Means Quickbeam in Westron. The most hasty Ent, who made up his mind to fight Saruman before the Entmoot, so he kept Peregrin and Meriadoc company.


Born in 2512 TA, son of Eorl. Father of Baldor and Aldor. The second King of the Mark, ruling from 2512-2570. Drove the Easterlings out of the Wold, where his father fell in battle. He completed the Golden Hall of Meduseld in 2569. Died of grief for Baldor in 2570.


Originally, it was written that he was born First Age 100, son of Bëor, and that he was killed in the Dagor Bragollach in 155 FA. However, when Tolkien changed the Seige of Angband to last from FA 51 to FA 255, he also changed the Bregolas' relations in the House of Bëor. After the revision, he was born in FA 200 and died in FA 255, and was the son of Bregor.


A Man added to the House of Bëor when J.R.R. Tolkien changed the Siege of Angband to last from FA 51 to FA 255. He was the father of Bregolas and Barahir.


Old English for 'Vala.'

Brethil, Forest of

Forest in which Túrin dwelt after the sack of Nargothrond. Here lived the people of Haleth. This people made their last stand in the Forest during the Nirnaeth Arnoediad, and of those few who survived, fewer still returned to their home.

Bridge Inn

The house just near the Baranduin where travelers could stay. It was torn down by Saruman, and in its place was erected a Shirrifs' post.

Bridge of Esgalduin

See Iant Iaur.

Bridge of Heaven

Also called Ilwaren, meaning 'Rainbow.' It was constructed by Manwë by dipping a hair of Vána in Kulullín. It is the Bridge by which any of the Valar could travel to any point in Arda.

Bridge(s) of Ice

The Helcaraxe.

Bridge of Khazad-dûm

Slender bridge across a deep pit in Moria, used by the Dwarves as a defence-mechanism, due to the fact that it could only be crossed in single-file. Gandalf came face-to-face with the Balrog there, and broke it with his staff after the others of the Fellowship had crossed, casting them both into the pit. Also called Durin's Bridge.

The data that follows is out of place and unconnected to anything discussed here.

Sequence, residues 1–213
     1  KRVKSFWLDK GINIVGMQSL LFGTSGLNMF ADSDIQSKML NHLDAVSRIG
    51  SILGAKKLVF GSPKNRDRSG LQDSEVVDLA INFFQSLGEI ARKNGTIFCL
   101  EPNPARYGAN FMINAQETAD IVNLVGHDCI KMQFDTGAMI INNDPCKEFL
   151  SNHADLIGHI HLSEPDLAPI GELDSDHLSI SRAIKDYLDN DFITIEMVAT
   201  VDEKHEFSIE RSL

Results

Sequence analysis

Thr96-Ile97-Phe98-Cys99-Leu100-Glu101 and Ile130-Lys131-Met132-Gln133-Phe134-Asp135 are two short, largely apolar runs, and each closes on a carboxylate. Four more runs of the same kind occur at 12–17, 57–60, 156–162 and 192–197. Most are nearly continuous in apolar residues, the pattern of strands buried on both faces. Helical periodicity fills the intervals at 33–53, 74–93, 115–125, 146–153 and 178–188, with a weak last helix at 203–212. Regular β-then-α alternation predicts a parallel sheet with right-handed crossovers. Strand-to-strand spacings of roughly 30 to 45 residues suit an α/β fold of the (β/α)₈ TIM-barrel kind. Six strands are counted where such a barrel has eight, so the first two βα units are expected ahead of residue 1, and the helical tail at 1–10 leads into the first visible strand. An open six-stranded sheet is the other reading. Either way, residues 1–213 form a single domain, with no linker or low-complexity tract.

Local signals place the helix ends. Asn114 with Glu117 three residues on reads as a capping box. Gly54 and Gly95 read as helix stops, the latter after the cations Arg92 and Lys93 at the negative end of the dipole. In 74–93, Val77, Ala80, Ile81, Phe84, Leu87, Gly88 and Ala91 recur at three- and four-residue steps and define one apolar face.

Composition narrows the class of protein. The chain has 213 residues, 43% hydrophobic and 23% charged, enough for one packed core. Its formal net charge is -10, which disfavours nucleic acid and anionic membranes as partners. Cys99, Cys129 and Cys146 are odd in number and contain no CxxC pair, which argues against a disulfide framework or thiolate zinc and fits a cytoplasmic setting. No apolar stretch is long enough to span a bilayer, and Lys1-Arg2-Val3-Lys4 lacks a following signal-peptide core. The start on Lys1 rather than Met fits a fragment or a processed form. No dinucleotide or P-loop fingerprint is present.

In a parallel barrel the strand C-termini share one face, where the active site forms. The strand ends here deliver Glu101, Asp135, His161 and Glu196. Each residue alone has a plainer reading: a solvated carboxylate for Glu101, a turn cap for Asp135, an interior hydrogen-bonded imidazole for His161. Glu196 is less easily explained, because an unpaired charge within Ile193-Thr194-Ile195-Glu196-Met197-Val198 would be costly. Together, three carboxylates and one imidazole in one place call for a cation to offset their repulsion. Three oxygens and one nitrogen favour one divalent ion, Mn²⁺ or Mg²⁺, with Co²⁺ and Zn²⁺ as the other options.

Bridge of Stonebows

Built by the Dúnedain in their days of power in Arnor over the Baranduin. Marcho and Blanco (of the Fallohides) led a group of Hobbits over the Bridge and founded the Shire in 1610 TA.


A place in the Eastfarthing of the Shire where the Bolger family came from.


A Gnomish name for Varda. Also called Bridhil the Blessed and Brildhil Queen of Stars.

Brilthor, River

Means 'Glittering Torrent'. Originally the fifth (from the north) tributary of the River Gelion in Ossiriand. It later became the fourth when the River Duilwen was moved further south.


The land from which Ælfwine/Eriol came to Tol Eressëa. It is also said in the Ælfwine/Eriol story that Britain was Tol Eressëa. It was also called Luthany, Lúthien and Leithien. The north-west of Middle-earth was shaped to be Britain. After the Valar destroyed Utumno, many of the Elves left Middle-earth, but of those that stayed, most dwelt in the British Isles.


The ford over Sirion north of the Forest of Brethil.


The northern of the Havens of Falas, the other being Eglarest, on the western coast of Middle-earth. Both were ruled by Círdan the Shipwright. Both the cities were destroyed after the Nirnaeth Arnoediad.

Brithon, River

A river in West Beleriand. The Haven of Brithombar was at its mouth.


Invaders of Tol Eressëa in the story of Ælfwine/Eriol.


Can perhaps be likened to Rôs, the capital of Tol Eressëa in the Ælfwine/Eriol story.


The original name for Beleriand.

Broceliande, Forest of

Later renamed Broseliand.


The family name of a group Hobbits of the Shire.


The lord of the ruined lands where Túrin dwelt as a young boy. At a feast in his own house, he was slain by Túrin in anger for the destruction of his homeland. He was the husband of Aerin, a kinswoman of Morwen, Túrin's mother.